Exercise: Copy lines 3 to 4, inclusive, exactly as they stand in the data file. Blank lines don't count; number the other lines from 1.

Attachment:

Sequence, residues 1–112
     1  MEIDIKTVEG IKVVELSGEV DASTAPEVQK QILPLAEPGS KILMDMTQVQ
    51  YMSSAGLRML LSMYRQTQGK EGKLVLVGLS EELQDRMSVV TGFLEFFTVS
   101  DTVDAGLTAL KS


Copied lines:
    51  YMSSAGLRML LSMYRQTQGK EGKLVLVGLS EELQDRMSVV TGFLEFFTVS
   101  DTVDAGLTAL KS